Recovering from injuries – both physical and mental – is a tough challenge for servicemen and women, especially if that means building a new life outside the military.
65 Degrees North (65DN) believes adventure can play a vital role in rehabilitation by forging bonds through shared adversity and attaining new skills. By promoting the spirit of adventure to overcome disability, the organisation aims to inspire and motivate others to succeed.
65DN has the support of the Endeavour Fund set up by The Royal Foundation of the Duke and Duchess of Cambridge and the Duke and Duchess of Sussex.
Its latest adventure sees 65DN tackling Everest, at 29,029 ft (8,848m) above sea level, the highest mountain in the world. Starting in April, the team will follow the Southeast Ridge route on the Nepalese side of the mountain, and the expedition to the ‘top of the world’ will take two months to complete.
Team Everest will have to battle temperatures as low as -60ºC, the effects of high altitude, and the possibility of sudden and unpredictable storms and avalanches. Wind speeds of up to 175mph have been recorded at the summit and frostbite, snow blindness and hypothermia are all major threats.
The team are undertaking this extreme challenge to raise funds for The Royal Marines Charity.
The team will carry essential safety and communications equipment supplied by Inmarsat: a rugged IsatPhone 2 satellite phone; an IsatHub iSavi terminal to use with their own smart devices; an ultra-portable Explorer 510 BGAN terminal; and an Explorer 710 BGAN for the fastest on-demand video streaming.
With always-on connectivity they will be able to check in with the support and medical team, gain peace of mind and comfort through the ability to contact loved ones, update progress in real-time and share the journey with the world through social media and interviews. Being able to read messages of support will also provide a morale boost when times get tough.
Expedition leader Richard Morgan is a former Royal Marine Commando who is trained in both desert and cold weather combat and survival. He saw for himself how taking on an extreme challenge can aid rehabilitation when he helped former soldier Peter Bowker achieve his ambition to become the world’s first amputee to cross the Greenland ice cap unsupported. In 2018 Rich was awarded an MBE for his charitable services to veterans.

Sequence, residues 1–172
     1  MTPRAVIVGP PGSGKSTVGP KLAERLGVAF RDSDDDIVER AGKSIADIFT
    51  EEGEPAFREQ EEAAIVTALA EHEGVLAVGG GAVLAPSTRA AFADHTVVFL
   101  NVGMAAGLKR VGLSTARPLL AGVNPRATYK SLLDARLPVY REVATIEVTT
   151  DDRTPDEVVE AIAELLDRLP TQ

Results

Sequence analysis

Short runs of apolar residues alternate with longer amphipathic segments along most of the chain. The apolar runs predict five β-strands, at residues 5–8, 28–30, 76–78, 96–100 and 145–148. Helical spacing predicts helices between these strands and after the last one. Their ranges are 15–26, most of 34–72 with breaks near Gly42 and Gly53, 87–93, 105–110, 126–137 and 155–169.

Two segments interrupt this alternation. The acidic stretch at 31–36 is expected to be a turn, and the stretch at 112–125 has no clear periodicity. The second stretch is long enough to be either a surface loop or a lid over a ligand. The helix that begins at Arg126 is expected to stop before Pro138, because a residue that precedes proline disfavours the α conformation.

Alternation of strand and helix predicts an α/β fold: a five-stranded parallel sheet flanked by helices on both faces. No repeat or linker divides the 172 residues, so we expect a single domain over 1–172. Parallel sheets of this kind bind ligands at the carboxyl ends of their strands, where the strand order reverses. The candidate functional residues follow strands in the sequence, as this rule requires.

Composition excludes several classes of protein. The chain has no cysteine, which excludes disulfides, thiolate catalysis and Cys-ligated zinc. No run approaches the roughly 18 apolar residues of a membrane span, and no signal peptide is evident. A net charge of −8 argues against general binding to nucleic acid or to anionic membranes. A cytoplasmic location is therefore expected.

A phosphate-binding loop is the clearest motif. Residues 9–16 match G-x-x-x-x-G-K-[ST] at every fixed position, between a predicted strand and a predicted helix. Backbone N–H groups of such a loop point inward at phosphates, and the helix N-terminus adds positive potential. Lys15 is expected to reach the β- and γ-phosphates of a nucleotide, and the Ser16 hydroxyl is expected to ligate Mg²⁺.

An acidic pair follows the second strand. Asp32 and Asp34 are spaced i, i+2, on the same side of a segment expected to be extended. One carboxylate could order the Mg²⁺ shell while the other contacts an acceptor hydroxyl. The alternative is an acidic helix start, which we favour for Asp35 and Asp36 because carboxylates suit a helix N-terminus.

Brendan Davies joined the Royal Marines at the age of 19. He served at 40 Commando where he was deployed on operational duties in Northern Ireland and the Adriatic before suffering serious spinal injuries. Following his discharge he suffered with periods of depression and anxiety, having left a job he loved. Brendan successfully summited Mt Aconcagua in Argentina and Mt Denali in Alaska with 65DN in 2018.
Scott Ransley joined the Royal Marines in 2008, going on to 42 Commando. He was left blind in one eye following an IED blast and was medically discharged in 2013. In 2015 Scott successfully completed the 1,000 mile Walk of Britain with Walking With The Wounded (WWTW). He successfully summited Mt. Kilimanjaro in 2016 and Mt Denali in 2018.
Joe Winch was commissioned into the Royal Marines in 2002, and was diagnosed with acute Complex PTSD in 2017 – a consequence of the many traumas he experienced during his service. Currently, Joe is under the care of the Royal Navy’s Recovery Centre Hasler, and together with the incredible support of his wife and three children, he has begun taking back control of his life, including by participating in the Denali expedition.
Tom Heal joined the Royal Marines as an officer in 2012 and has served at three of its Commando Units. Specialising as a mountain leader, he has deployed in many roles, including to Norway’s Arctic Circle. With a friend he set a world record in 2010 as the youngest pair ever to row an ocean, crossing the Atlantic in 80 days. With 65DN, Tom successfully reached the summit of Mt. Vinson in 2017.
Leesa Harrison is 65DN’s media officer, and has joined training sessions on the Mont Blanc Massif in preparation for Antarctica, Aconcagua, Denali and Everest challenges. She experienced her first expedition when she took part in ‘Conquering Kili’ in 2016, and for Everest will support the summit team from Base Camp.